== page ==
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20 Sep 17. Rheinmetall demonstrates infantry system concept. Rheinmetall held the first dynamic field demonstration of its infantry system concept at its Unterlüss test centre in northern Germany on 19 September. The system consists of the Infanterist der Zukunft – Erweitertes System (Future Soldier – Expanded System, IdZ-ES), the RS556 assault rifle with which Rheinmetall is bidding to replace the Bundeswehr’s G36 assault rifle, manned, and unmanned vehicles, all networked sharing a common picture of the battlefield.
A Boxer 8×8 armoured vehicle with a Lance turret returned from trials in Australia to take part in the demonstration. During the demonstration, the vehicle transported a pair of soldiers equipped with IdZ-ES equipment to dismount close to a village to check it out for suspicious activities involving improvised explosive devices. Their movements could be followed on displays providing situational awareness and blue force tracking.
The demonstration also involved the ‘Mule’ Unbemanntes Mehrzwecksfahrzeug (Multi Mission Unmanned Vehicle) from Rheinmetall Canada. Already demonstrated at the Bundeswehr’s infantry school at Hammelburg, the ‘Mulie’, as it is affectionately called by Rheinmetall, can reconnoiter and supply areas too dangerous for soldiers to do so, according to Carsten Wawrzetzka, test engineer at Rheinmetall. (Source: IHS Jane’s)
12 Sep 17. Arnold Defense Updates BATTLESPACE on FLETCHER. Arnold Defense, a US St Louis based international manufacturer and supplier of 2.75-inch rocket launchers, unveiled a concept named the FLETCHER 2.75-inch/70mm Weapon System. FLETCHER can be mounted on land-based military vehicles as well as, potentially, marine and littoral platforms. As FLETCHER is the same design as supplied by Arnold on many in-service airborne platforms, it can be easily assimilated into ground force inventories with minimal changes to the logistic chain and training packages. FLETCHER uses the same BAE Systems APKWS missile in use with the US Navy and USAF and overseas forces such as Jordan, Egypt and UAE. The system has been used in anger in Iraq and Afghanistan and is mounted on F-16, Apache, Cobra, Little Bird and the UAE Cessna 208 Caravan
The FLETCHER concept is supported by a team of global defense industry companies working together under Arnold’s leadership to combine their complimentary expertise. The full team composition has yet to be announced however, at this stage, Arnold are able to confirm the involvement of Military Systems Group, Nammo and Supacat. Working together, the team is able to provide a full-system approach to FLETCHER ranging from design and integration through testing, validation and manufacture into ammunition and through-life support.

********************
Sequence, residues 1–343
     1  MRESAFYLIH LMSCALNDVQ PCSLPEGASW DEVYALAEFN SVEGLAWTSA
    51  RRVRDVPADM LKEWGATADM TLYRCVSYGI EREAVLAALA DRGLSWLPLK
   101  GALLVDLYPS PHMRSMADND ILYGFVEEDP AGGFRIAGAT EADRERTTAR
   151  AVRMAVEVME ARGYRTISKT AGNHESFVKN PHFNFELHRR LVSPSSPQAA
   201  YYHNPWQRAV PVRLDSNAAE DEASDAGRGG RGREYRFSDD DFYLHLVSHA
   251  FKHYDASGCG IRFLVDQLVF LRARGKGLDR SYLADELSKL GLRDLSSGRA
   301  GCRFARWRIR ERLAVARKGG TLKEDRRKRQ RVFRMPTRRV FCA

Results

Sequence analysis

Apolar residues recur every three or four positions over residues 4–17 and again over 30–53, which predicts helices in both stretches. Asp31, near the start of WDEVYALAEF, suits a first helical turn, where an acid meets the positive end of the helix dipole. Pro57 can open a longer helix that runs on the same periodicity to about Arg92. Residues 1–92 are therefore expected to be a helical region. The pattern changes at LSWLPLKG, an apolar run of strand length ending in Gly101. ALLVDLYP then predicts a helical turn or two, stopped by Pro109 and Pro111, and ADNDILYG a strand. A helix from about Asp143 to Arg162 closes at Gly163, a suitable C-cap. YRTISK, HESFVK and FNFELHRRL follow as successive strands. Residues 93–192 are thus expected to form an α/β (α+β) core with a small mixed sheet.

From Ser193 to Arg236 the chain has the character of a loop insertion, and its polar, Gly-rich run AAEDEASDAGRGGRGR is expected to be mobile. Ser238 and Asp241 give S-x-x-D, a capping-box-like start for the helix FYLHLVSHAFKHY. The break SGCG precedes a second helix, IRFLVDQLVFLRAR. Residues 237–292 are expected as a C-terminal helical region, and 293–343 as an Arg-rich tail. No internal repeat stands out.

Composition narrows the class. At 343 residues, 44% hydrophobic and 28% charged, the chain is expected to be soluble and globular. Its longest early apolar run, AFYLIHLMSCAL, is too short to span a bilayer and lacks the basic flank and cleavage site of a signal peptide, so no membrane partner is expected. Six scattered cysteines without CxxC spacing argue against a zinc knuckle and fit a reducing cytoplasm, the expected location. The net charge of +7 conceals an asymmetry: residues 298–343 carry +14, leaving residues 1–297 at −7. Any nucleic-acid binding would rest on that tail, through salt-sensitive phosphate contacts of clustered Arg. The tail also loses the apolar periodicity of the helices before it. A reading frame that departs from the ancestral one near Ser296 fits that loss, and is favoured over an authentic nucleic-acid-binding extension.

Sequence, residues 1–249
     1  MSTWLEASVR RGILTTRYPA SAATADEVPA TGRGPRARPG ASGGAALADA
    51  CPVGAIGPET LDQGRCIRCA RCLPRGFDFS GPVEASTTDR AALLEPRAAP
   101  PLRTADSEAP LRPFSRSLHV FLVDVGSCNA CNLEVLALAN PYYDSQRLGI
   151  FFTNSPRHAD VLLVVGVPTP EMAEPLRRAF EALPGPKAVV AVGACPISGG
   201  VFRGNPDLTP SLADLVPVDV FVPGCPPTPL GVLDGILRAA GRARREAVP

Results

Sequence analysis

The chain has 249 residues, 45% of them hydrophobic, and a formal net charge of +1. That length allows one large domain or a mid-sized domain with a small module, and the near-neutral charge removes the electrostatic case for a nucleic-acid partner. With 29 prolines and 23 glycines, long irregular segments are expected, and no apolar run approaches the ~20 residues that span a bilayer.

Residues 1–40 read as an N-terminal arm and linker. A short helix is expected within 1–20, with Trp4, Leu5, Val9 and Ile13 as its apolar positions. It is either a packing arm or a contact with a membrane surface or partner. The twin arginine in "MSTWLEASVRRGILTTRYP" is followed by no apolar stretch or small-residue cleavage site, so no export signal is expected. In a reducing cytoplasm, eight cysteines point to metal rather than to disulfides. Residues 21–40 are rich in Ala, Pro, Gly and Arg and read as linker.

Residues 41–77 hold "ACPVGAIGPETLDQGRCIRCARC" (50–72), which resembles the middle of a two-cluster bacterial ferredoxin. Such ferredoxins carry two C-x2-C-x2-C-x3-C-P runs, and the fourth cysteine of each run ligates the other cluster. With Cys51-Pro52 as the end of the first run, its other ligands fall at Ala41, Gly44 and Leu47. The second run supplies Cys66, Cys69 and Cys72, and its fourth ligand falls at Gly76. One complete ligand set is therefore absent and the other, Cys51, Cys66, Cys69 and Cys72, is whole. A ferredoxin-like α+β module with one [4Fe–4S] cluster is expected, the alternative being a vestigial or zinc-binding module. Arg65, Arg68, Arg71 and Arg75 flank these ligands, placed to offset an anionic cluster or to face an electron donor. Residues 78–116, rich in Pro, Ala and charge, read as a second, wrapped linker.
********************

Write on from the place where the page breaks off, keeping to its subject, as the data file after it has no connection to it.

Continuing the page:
The FLETCHER System displayed at DSEI used a Rockwell Collins laser targeting system, which has its own GPS, for target acquisition and to guide the missile on to targets up to a range of 8 kilometres. The Rockwell system has a tablet with a range of icons where the user can choose which round to be used from the four-shot canister. The system can also use laser guided systems mounted on aircraft or UAVs. The mid-mounted FLETCHER seeker locks on to target before launch and is guided along the laser at 1500 metres per second.
Traditionally, 2.75-inch rocket systems have been used as an area suppression weapon, ordinarily deployed by aviation assets. The team has turned this concept on its head with the advancement of guided rocket technology to meet the modern demands of land-based, vehicle mounted and dismounted asymmetric warfare, for special and conventional forces.
FLETCHER is a unique design that allows for ease of operation, maintenance and sustainment in support of combat operations. FLETCHER employs an existing suite of guidance modules, motors and warheads whi